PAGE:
George Simenon’s verve for the roman policier displays the author’s penchant for logical exercises, what was not long ago referred to as critical thinking. In Madame Maigret’s Own Case, Inspector Maigret tackles criminals who make lying an art. Maigret knows this is the extent of their virtue.

Maigret’s genius is his realization that the morals of the criminal world have become normalized in postmodern life.

One wonders, what profound beauty, vast swaths of human energy, and good will are consumed by criminality and its attendant values in the postmodern world? What possibilities might there be for righteousness and decency in societies that do not condone criminality?

Simenon’s Inspector Maigret novels operate on two levels: the art of detection, which is exemplified by Maigret’s work ethic and the study of human nature.

Readers of Simenon experience the intersection of these two components of his novels as a keyhole look at dysfunctional behavior that goes beyond the pale. Maigret does the dirty work while readers are treated to the mayhem and destruction of liberalism’s warped public policy.

Through Maigret, readers gain confidence that the roman policier may not solve man’s zest for criminal behavior, but policing does keep the tide of barbarity at bay and the barbarians at the gate. Every evening Maigret returns home and ponders, but for how much longer?

Nicholas MonsarratThe Kappillan of Malta

        I end these three literary vignettes with Nicholas Monsarrat (1910-1979), an underrated British novelist who is best known for his naval novels, including The Cruel Sea and Three CorvettesThe Tribe that Lost its Head and Richer than All His Tribe.

Many readers of Monsarrat’s work argue that his 1973 The Kappillan of Malta is his best novel. I agree. The island of Malta’s history is the center of attention in the novel, even though the protagonist is a Catholic Kappillan named Salvatore Santo-Nobile, a well-respect priest who the locals call Don Salv.

The Kappillan of Malta is a novel that follows the history of Malta, dating back to the Phoenicians, through the knights of Malta and the Great Siege of the island in 1565, when the Ottoman Empire attempted to rule the island-nation.

Monsarrat treats the latter historical periods as asides, yet relevant commentary that is organically tied to the events of the novel. Part of the story is narrated by Don Salv to his flock, many of whom have taken refuge in a newly discovered catacomb that a bomb uncovered during WWII.

The Kappillan of Malta is a multi-dimensional novel that develops many spirited themes; a work that deserves more discussion than the space allotted in this essay.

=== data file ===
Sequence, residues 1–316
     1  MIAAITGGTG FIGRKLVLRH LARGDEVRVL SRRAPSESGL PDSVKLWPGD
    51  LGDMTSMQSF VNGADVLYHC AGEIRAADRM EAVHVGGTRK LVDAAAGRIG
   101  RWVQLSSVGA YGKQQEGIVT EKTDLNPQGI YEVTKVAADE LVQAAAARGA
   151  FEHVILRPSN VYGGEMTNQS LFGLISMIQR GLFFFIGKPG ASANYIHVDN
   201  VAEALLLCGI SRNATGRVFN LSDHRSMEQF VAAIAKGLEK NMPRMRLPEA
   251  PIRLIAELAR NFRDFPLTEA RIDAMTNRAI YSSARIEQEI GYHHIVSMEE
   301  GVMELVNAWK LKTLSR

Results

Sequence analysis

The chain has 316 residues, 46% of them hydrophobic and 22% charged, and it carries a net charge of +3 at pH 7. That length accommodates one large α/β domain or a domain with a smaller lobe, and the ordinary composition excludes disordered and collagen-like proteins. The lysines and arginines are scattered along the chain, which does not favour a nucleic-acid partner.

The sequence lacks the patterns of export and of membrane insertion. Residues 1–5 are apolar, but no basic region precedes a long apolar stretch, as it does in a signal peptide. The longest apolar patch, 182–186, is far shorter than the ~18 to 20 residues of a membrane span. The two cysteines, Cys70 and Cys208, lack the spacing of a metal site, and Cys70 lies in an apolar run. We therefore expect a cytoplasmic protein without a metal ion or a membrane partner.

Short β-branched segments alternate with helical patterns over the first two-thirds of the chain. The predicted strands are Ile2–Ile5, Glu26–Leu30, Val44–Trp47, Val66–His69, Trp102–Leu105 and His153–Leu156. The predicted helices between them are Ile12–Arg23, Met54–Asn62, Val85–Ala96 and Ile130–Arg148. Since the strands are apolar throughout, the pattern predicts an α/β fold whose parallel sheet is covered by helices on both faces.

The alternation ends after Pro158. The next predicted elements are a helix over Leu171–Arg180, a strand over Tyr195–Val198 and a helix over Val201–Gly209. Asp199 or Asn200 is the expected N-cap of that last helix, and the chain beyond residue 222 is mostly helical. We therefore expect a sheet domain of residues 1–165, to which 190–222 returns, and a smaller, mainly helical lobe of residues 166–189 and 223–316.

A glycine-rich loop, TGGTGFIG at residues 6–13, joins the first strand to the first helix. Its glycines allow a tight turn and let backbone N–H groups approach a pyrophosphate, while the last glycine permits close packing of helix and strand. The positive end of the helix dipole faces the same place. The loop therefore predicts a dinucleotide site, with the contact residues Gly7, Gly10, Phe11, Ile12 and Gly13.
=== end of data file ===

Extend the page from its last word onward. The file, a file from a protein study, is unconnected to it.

The Kappillan of Malta reflects on the spiritual and moral leadership that Don Salv supplies his huddled and frightened brethren, in addition to the Islands’ historical importance to Mediterranean commerce. The most vivid scenes of the novel are the attacks that the island suffered during WWII at the hands of Italian forces, working in conjunction with the Germans.

Monsarrat is a meticulous researcher, making The Kappillan of Malta a poignant and instructive historical novel. Vast spans of the novel recount the colorful history and characters that made the island a central player in the history of the Mediterranean.

The author divides the novel into six hexamerons (chapters), a biblical term that describes God’s six days of creation. This structure makes for a tight plot progression that is as historical as it is thematic.

Each hexameron introduces the lively characters that Don Salv associates with, and who play pivotal rules along the many intricate paths that the novel weaves as an historical and human-interest story.

Don Salv is a respected Catholic priest during a time when Malta was being bombed and merchant ships in her harbor were being torpedoed and mined.

The importance of moral and spiritual leadership in desperate times is Monsarrat’s bread and butter, as it were. During the Siege of Malta, the Knights of Malta battled the invading Ottomans.

Monsarrat offers a lengthy history of Malta that is worthy of a nonfiction book. During WWII, Don Salv attends to the moral-spiritual needs of his people. The novel tells his story in retrospect, as people celebrate his memory.

The beauty of The Kappillan of Malta is how the author weaves the passage of time throughout the scenes of the novel. Rather than degenerating into a cynical conception of trivial human existence and its alleged transitory nature, as is the case with many postmodern writers, Monsarrat showcases the importance that moral-spiritual fortitude has to posterity.